Staging as a language
“We love to tell stories. Beautiful, sad, unreal, realistic, autobiographical, fictitious, aesthetic, banal stories.” It was through this shared passion for these fundamental principles that Elsa Parra and Johanna Benaïnous met in New York, in 2014, on the benches of the School of Visual Arts. Elsa had studied at the School of Decorative Arts of Paris, while Johanna was a former student at the Beaux-Arts.
The connection between the two artists led to their first creative collaboration, “A Couple of Them,” a series of self-portraits in which they play fictional characters, and which foreshadowed an approach and a theme that went to become their signature: the art of staging the shot.
“We produce narrative series where themes of identity, gender, and collective memory emerge through staging and characters that we create and embody ourselves,” they point out. Don’t look for the influence of Cindy Sherman in their work, but rather that of Alfred Hitchcock, David Hockney, or the latest series the duo might have binge-watched.
The book being published by Éditions H2L2 is no exception to the rule they have set for themselves, and it also features fictional texts by young authors inspired by the world the duo created. They are planning on a print run of 1,000 copies of the book, and here is how you can order your copy and support the project in the process.
Calgary: soaking in the area
For the series “Beyond the Shadows,” Elsa and Johanna chose Calgary as their playground, a Canadian city located between Vancouver and Winnipeg, i.e. more or less in the middle of nowhere.
“We were drawn to Canada right off the bat, and in particular to the city of Calgary, one of the largest ones in the country, which was mainly a cowboy town up until the 1970s. It has undergone spectacular economic growth and now has a population of over a million,” the artists explain. The city’s richly varied landscape, which ranges from hypermodernity to suburban districts and rolling hills, is one they found to be particularly conducive to artistic expression.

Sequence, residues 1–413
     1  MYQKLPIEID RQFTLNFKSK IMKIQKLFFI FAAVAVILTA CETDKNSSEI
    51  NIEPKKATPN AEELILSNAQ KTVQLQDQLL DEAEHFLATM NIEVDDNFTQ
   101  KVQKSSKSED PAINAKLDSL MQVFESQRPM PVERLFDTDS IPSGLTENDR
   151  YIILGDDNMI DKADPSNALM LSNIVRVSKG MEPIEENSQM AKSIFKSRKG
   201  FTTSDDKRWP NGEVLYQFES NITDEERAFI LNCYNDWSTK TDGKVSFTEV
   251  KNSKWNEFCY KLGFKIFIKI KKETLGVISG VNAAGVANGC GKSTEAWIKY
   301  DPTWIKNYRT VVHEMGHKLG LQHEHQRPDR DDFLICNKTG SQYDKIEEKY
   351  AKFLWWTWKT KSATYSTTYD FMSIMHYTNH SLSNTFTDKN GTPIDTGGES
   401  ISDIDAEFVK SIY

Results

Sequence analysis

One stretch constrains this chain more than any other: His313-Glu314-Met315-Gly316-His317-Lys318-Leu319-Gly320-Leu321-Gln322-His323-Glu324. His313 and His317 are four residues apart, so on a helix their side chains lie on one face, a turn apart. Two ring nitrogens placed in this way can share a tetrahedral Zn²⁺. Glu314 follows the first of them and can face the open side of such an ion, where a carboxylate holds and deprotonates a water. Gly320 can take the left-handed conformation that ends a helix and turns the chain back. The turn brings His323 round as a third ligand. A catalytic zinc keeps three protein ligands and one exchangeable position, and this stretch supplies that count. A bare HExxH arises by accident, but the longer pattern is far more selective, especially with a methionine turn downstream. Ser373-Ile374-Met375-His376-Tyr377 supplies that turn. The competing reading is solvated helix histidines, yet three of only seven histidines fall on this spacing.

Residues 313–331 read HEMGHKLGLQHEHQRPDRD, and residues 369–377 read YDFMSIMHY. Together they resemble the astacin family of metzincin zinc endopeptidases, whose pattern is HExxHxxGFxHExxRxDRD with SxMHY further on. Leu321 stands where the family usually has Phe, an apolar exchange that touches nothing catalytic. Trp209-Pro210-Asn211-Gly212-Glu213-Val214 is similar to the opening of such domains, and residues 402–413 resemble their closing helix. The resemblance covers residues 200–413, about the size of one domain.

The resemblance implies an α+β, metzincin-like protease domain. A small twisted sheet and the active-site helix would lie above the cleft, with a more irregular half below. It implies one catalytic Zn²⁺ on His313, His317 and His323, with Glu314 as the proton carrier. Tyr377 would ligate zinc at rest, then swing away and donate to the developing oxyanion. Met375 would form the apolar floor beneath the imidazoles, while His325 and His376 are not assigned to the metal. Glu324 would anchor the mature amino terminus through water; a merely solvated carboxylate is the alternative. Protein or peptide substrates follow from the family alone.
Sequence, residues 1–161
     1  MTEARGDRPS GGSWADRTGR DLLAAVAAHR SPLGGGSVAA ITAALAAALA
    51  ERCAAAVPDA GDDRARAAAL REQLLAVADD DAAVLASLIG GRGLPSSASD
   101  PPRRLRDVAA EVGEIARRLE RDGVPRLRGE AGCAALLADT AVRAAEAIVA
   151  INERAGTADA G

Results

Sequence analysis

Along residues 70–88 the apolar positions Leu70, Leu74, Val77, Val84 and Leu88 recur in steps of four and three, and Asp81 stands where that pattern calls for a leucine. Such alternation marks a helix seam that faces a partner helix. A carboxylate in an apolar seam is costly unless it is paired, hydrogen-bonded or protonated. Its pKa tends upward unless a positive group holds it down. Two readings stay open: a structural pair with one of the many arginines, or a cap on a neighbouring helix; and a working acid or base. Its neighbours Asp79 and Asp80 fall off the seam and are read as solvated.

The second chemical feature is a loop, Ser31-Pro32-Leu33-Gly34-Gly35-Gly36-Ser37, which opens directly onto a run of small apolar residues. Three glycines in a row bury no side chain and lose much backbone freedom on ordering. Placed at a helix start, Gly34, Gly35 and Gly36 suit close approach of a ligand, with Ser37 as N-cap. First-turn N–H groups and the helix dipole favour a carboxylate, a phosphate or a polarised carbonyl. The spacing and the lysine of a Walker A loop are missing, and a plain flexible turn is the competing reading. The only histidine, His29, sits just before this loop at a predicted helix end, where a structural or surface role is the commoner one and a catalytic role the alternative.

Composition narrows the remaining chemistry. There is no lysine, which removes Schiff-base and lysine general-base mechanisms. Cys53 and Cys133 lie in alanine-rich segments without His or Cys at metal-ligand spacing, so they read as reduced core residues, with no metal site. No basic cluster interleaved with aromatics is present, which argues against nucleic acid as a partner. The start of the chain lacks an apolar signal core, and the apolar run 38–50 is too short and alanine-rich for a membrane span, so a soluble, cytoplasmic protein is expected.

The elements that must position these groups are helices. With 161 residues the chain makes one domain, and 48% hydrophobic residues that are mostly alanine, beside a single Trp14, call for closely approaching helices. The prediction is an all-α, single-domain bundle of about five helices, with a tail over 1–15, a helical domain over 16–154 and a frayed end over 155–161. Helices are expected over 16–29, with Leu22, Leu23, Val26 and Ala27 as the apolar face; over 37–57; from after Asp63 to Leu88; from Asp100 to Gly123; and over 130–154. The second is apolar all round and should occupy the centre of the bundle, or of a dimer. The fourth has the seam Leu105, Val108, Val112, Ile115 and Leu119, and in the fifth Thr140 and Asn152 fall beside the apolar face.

It would take them a full month of immersion to find the right settings and backdrops, which in turn would inspire the scenes they stage. Then came the task of dressing the sets with a lot of accessories found in thrift stores, and with a lot of lascivious attitudes where melancholy merges with boredom. “We are like sponges that absorb landscapes and which, as soon as we squeeze them, spit out a colored liquid,” they summarize.
Chronicles of ordinary idling and collective boredom
We would love for something to be brewing and about to happen; for these ordinary interiors to be the walls at the beginning of a crime thriller à la Fargo. But no, we wait, again and again, just like the two characters from “Beyond the Shadows,” who populate the parking lots, playgrounds, and pavilions of Calgary.
Whether it’s sitting in front of the TV or standing at a sink, whether in the chlorinated water of an empty swimming pool or the oppressive comfort of a scratchy armchair, they’re just there, idling. (ajouté car phrase incomplète). And that’s precisely what makes this series so powerful: not only because of its detailed and referenced aesthetic, but above all because it (re) plunges us into our own daily state of limbo.
By Charlotte Jean
Charlotte Jean is a journalist and author. A former contributor to Beaux Arts Magazine and the founder of Darwin Nutrition, she graduated from the École du Louvre, where she majored in in contemporary art.